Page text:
Good old number 68 with Burt and Nan
Wednesday morning as I drove in after taking Rafe to preschool, I noticed Mr. Bull laying on the bedding pile with all 6 of his calves.
“How cute,” I thought, “I’ve got to get a picture.”
I went in the house, grabbed the camera, and headed out. As I walked up to the fence I noticed 2 brand spankin’ new calves on the ground. I looked around to see who the new mama’s were. I knew good old number 68 was close, and indeed she was nosing one of the calves. But the other 2 cows that haven’t calved yet didn’t even look close, they weren’t bagged up at all.
All of a sudden the lightbulb went off over my head.
“Wait a minute,” I said to good old number 68, “you didn’t have twins did you?” Indeed she had.
Good old number 68 was one of the first cows we started our herd with 4 years ago. We bought her at the salebarn, and she surprised us that first year with twin bull calves. The last 2 years she’s had single heifer calves. 6 calves in 4 years. I think we’ve got our money’s worth from her.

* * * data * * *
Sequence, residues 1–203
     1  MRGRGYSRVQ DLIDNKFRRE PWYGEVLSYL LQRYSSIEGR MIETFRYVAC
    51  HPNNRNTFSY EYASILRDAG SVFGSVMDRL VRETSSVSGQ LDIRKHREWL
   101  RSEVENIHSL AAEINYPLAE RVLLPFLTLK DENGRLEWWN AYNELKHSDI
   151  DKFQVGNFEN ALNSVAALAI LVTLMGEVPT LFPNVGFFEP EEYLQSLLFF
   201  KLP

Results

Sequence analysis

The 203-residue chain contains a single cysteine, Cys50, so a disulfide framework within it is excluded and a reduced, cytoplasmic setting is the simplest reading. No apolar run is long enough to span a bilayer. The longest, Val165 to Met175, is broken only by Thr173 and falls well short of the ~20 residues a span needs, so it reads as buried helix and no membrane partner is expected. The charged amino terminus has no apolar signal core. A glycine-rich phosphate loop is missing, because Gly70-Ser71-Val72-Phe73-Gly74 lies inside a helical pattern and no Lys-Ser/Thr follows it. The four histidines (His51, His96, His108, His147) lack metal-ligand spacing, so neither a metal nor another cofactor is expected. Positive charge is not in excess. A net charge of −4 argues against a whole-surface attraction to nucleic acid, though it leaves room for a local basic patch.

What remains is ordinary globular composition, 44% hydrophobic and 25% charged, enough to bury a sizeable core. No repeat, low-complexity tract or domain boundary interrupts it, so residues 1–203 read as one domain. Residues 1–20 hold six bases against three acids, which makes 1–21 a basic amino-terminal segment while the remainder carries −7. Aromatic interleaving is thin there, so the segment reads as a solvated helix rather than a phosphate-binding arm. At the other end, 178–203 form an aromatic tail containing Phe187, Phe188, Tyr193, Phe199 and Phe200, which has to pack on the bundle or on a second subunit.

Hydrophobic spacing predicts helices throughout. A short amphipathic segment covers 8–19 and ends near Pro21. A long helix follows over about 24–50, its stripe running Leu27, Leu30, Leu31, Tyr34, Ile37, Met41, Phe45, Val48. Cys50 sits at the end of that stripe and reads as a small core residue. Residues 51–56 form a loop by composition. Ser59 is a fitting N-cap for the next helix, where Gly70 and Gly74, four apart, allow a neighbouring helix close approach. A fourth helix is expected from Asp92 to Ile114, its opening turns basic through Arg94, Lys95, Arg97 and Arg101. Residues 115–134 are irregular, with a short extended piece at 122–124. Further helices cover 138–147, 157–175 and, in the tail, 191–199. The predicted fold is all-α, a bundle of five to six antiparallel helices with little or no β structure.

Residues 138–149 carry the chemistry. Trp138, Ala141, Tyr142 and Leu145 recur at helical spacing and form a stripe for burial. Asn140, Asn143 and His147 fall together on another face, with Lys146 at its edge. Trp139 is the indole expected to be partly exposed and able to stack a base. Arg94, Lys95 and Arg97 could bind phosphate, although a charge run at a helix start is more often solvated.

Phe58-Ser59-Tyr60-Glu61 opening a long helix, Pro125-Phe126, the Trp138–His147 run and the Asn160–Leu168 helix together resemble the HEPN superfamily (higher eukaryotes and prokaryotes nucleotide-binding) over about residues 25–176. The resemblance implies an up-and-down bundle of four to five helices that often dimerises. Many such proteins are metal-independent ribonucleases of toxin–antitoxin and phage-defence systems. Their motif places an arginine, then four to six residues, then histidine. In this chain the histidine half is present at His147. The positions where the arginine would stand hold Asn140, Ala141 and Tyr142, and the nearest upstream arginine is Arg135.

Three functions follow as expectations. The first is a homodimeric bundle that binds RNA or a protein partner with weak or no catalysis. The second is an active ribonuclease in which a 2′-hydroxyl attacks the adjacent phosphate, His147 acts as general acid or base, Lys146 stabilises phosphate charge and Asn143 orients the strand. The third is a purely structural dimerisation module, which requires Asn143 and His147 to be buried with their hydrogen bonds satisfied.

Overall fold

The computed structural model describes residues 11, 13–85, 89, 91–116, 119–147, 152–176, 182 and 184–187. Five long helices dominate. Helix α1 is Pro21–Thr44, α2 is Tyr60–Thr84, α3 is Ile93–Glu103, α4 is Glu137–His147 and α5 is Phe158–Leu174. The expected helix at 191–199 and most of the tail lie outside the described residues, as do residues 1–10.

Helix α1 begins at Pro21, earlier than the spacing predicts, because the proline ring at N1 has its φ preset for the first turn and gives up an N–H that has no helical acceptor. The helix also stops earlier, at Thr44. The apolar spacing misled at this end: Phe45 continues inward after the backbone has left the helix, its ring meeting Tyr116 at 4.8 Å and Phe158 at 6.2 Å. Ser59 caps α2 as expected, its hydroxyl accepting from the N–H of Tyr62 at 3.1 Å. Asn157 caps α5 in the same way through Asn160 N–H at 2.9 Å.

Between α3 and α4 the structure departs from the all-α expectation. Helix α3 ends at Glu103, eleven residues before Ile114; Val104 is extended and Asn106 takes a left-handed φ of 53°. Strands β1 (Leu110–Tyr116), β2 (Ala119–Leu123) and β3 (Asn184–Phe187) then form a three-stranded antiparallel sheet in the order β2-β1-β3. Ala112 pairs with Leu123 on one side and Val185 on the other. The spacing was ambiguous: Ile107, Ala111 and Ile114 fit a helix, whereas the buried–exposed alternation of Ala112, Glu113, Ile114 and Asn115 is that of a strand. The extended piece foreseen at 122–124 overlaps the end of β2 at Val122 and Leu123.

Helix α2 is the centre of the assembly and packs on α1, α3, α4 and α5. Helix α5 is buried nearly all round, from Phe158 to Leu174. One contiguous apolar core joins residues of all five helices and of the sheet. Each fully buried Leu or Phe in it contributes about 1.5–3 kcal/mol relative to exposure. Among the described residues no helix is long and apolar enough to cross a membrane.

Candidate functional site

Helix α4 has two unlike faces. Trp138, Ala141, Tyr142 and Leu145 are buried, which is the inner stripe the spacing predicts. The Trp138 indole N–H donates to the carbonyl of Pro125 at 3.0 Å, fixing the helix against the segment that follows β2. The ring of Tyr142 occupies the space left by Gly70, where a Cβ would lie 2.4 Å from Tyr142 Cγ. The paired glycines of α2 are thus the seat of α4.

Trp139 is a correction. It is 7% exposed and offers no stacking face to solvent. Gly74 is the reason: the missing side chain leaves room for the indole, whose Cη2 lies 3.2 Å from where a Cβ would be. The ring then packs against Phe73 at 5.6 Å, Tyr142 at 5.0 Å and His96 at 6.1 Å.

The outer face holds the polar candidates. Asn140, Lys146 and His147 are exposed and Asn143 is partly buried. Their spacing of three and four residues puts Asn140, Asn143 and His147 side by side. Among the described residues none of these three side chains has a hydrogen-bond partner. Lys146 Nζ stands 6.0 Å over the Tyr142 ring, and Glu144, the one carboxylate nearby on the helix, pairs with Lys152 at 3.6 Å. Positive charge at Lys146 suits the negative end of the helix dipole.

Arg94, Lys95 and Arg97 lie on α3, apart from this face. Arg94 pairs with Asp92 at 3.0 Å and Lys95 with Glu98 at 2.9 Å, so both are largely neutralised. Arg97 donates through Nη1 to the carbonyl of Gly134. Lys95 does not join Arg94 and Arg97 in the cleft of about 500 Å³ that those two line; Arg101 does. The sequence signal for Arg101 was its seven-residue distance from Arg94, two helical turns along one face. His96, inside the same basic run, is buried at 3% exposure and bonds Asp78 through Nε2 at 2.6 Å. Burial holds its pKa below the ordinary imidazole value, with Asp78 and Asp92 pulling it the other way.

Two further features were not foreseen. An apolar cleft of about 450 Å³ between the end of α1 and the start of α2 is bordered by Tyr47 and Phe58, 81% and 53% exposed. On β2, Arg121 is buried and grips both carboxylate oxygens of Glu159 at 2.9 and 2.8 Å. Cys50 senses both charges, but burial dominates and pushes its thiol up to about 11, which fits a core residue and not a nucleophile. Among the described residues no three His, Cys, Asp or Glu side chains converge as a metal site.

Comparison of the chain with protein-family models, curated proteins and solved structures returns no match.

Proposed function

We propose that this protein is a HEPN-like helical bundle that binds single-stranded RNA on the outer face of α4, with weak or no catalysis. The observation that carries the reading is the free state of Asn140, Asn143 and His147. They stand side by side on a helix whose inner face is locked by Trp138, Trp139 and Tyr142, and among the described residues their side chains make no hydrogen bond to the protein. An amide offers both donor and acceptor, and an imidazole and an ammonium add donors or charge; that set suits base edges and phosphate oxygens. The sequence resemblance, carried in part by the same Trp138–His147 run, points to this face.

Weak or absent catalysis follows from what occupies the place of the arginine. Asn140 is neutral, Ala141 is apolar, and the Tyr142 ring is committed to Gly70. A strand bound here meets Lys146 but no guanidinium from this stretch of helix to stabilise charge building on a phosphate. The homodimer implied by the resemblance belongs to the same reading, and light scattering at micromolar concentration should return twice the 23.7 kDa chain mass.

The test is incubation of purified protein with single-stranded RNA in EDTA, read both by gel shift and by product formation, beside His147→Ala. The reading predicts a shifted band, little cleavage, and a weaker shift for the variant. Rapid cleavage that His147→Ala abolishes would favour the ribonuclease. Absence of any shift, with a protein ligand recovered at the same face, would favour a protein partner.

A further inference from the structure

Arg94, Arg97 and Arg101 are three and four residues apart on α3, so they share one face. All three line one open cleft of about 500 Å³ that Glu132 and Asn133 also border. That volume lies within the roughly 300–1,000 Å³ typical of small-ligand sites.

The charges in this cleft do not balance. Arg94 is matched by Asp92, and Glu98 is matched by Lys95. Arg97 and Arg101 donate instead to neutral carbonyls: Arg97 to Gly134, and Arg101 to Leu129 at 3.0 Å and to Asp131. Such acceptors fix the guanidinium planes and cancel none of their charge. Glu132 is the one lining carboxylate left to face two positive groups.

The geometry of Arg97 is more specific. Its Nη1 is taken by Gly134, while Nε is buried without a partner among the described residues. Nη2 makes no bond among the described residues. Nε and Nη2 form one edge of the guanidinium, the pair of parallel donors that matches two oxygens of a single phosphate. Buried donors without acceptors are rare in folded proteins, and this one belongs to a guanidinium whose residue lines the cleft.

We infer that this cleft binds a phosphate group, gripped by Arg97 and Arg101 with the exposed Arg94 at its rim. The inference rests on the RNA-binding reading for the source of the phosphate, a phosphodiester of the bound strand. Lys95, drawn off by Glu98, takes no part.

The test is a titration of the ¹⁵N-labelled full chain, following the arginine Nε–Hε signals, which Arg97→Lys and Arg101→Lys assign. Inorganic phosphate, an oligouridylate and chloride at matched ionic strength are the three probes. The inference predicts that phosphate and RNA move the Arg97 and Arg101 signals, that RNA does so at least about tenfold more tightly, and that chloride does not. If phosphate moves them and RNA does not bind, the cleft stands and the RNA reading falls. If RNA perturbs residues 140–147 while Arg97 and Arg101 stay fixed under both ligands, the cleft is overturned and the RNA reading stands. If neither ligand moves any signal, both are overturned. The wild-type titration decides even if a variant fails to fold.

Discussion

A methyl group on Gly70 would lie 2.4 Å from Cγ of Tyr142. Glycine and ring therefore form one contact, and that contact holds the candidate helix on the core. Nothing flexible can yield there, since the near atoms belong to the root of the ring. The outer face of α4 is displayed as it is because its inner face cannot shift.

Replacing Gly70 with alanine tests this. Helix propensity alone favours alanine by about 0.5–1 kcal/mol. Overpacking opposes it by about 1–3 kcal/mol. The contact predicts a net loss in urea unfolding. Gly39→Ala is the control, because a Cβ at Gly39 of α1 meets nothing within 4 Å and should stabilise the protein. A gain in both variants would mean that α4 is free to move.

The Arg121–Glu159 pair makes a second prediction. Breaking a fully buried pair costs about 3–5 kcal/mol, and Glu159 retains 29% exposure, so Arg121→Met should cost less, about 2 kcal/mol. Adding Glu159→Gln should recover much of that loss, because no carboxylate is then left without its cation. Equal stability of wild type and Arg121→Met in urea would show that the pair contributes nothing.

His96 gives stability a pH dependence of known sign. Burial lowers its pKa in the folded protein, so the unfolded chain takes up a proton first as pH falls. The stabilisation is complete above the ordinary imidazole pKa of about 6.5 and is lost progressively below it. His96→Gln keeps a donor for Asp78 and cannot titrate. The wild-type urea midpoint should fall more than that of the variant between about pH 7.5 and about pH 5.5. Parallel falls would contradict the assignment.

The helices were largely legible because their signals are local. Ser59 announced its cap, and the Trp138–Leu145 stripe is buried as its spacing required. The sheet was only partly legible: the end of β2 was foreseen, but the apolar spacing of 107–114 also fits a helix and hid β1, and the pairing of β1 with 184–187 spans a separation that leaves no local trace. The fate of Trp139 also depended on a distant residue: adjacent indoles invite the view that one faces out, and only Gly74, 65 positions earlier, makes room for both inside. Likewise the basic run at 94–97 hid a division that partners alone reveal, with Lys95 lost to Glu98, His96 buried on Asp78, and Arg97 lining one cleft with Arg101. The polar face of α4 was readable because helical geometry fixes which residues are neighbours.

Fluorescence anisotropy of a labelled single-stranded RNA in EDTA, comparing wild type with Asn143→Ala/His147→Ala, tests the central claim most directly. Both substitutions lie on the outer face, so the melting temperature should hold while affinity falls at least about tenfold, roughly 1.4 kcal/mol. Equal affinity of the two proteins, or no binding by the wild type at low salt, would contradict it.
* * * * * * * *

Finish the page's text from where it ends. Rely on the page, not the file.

But having me near the fence made her nervous. She trotted off with one calf following her. But the other calf was too weak to maneuver the mud and yuck that’s built up with this week’s rains. I left, but all morning I kept checking on them from my office window. And all morning she stayed off with the one calf. And all morning I shouted through the window, “Go back and get your other baby!”
Finally I had to stop stressing about it. Worst case scenario, one calf dies. It would be sad, but it’s not like we had twins in the business plan. Our cash flow projections wouldn’t be affected. Second worst case scenario, she only accepts one calf and we have to bottle feed the other. (Of course, this would be Olivia’s best case scenario.)
But good old number 68 is a good mother and this morning I saw her nursing both calves at once. Tomorrow the rain is supposed to end, and the temperatures are supposed to be back up in the 70’s. That will get everybody warmed up, dried off, and feeling good.
So this year’s twins are a boy-girl pair, named Burt and Nan (of course).
As much as I enjoy complaining about Matt’s cows, I have to say he’s built a pretty reliable herd. Those cows will lay down and pop out a calf, in sub-sub-par conditions, and be the kind of mothers that can keep their babies alive in those conditions. Now if we can only build a sow herd that does the same.